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  • A THAAD interceptor is launched during a successful intercept test, in this undated handout photo from the U.S. Department of Defense.

    A THAAD interceptor is launched during a successful intercept test, in this undated handout photo from the U.S. Department of Defense. | Photo: Reuters

People in South Korea and the region protested the THAAD deployment.

In the midst of annual military drills with the U.S., South Korea received an anti-ballistic missile defense system from Washington, which the Democratic People's Republic of Korea, DPRK, warned could lead to an “actual war” Tuesday.

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The DPRK diplomat Ju Yong Choi told the United Nations-backed Conference on Disarmament that the belligerent exercises were "a major cause of escalation of tension that might turn into actual war."

The war games are an annual menace to the region, courtesy of the U.S., which waged a war against the unified peninsula in 1950, ultimately fracturing the country in two and stationing U.S. soldiers in what is called the Demilitarized Zone.

South Korea and the United States agreed last year to install the Terminal High Altitude Area Defense system, or THAAD, which China, the DPRK’s main ally, has repeatedly denounced as a threat to its security, saying Tuesday it will take “necessary measures” to protect itself and warning that the U.S. and South Korea should be prepared to bear the consequences.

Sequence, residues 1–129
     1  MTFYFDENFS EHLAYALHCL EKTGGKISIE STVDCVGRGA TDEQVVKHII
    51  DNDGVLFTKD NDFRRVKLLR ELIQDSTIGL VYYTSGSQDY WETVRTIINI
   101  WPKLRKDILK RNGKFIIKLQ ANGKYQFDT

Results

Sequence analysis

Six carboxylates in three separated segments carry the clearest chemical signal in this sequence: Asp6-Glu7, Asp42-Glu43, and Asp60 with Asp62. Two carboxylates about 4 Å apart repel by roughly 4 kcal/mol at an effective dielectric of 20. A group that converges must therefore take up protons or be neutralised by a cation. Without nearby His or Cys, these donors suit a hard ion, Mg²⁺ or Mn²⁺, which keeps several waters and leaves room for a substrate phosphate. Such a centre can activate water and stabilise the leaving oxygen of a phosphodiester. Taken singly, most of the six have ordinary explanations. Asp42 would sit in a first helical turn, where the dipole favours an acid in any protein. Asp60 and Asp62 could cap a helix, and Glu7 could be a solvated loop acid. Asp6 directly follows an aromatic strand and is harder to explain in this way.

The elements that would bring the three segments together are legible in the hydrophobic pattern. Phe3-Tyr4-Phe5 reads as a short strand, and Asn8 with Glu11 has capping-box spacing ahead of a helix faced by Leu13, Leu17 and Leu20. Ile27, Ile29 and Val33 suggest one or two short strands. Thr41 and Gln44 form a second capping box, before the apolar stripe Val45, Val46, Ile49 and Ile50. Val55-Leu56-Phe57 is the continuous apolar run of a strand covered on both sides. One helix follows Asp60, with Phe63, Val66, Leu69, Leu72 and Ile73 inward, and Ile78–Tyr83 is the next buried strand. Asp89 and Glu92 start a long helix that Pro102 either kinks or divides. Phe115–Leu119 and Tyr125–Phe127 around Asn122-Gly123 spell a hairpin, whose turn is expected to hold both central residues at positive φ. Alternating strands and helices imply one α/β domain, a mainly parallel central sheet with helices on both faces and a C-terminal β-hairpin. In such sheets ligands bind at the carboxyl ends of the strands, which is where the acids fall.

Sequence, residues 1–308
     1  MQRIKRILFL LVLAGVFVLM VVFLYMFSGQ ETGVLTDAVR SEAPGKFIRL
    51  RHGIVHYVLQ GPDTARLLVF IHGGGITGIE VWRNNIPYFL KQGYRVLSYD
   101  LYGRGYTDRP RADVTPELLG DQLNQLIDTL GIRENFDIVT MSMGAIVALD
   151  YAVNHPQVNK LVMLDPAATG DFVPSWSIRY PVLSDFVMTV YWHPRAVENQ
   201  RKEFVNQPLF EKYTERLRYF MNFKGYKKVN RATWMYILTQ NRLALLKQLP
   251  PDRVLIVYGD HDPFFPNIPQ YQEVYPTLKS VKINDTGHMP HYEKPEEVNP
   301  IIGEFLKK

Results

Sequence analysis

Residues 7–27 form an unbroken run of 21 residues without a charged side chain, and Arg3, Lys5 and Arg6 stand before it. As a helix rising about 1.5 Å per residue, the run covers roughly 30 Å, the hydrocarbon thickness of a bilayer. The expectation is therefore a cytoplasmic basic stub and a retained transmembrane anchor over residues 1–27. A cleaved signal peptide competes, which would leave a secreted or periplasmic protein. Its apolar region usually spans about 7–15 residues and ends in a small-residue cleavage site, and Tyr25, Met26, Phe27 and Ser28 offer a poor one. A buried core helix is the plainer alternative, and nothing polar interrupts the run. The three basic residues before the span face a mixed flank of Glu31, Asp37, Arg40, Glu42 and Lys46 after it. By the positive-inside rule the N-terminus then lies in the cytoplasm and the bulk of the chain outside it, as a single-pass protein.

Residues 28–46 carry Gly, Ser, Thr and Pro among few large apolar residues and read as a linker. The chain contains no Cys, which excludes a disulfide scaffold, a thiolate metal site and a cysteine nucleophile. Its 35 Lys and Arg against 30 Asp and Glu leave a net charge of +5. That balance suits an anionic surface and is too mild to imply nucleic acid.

People in South Korea took to the streets to protest the land swap agreement for hosting the U.S.'s anti-missile system. Residents living near the host site had also filed a lawsuit against the Republic of Korea Defense Ministry.

IN PICTURES:
In Seoul, Korean Residents Protest US Anti-Missile THAAD System

Deployment of the THAAD system "contributes to a layered missile defense system and enhances the U.S.-ROK (Republic of Korea) Alliance's defense against North Korean missile threats," the U.S. Pacific Command said in a statement Monday.

Washington sought to downplay the deployment, telling China the defense system did not pose a threat to China, "We have been very clear in our conversations with China that this is not meant to be a threat, and is not a threat, to them or any other power in the region," state department spokesman Mark Toner said at a news briefing.

But China's Ambassador Fu Cong said during the disarmament forum that Beijing firmly opposed the deployment of THAAD and that “all parties concerned should work together for the denuclearization of the (Korean) peninsula and its peace and stability."

The system is meant to intercept and destroy short and medium-range ballistic missiles during their final phase of flight.

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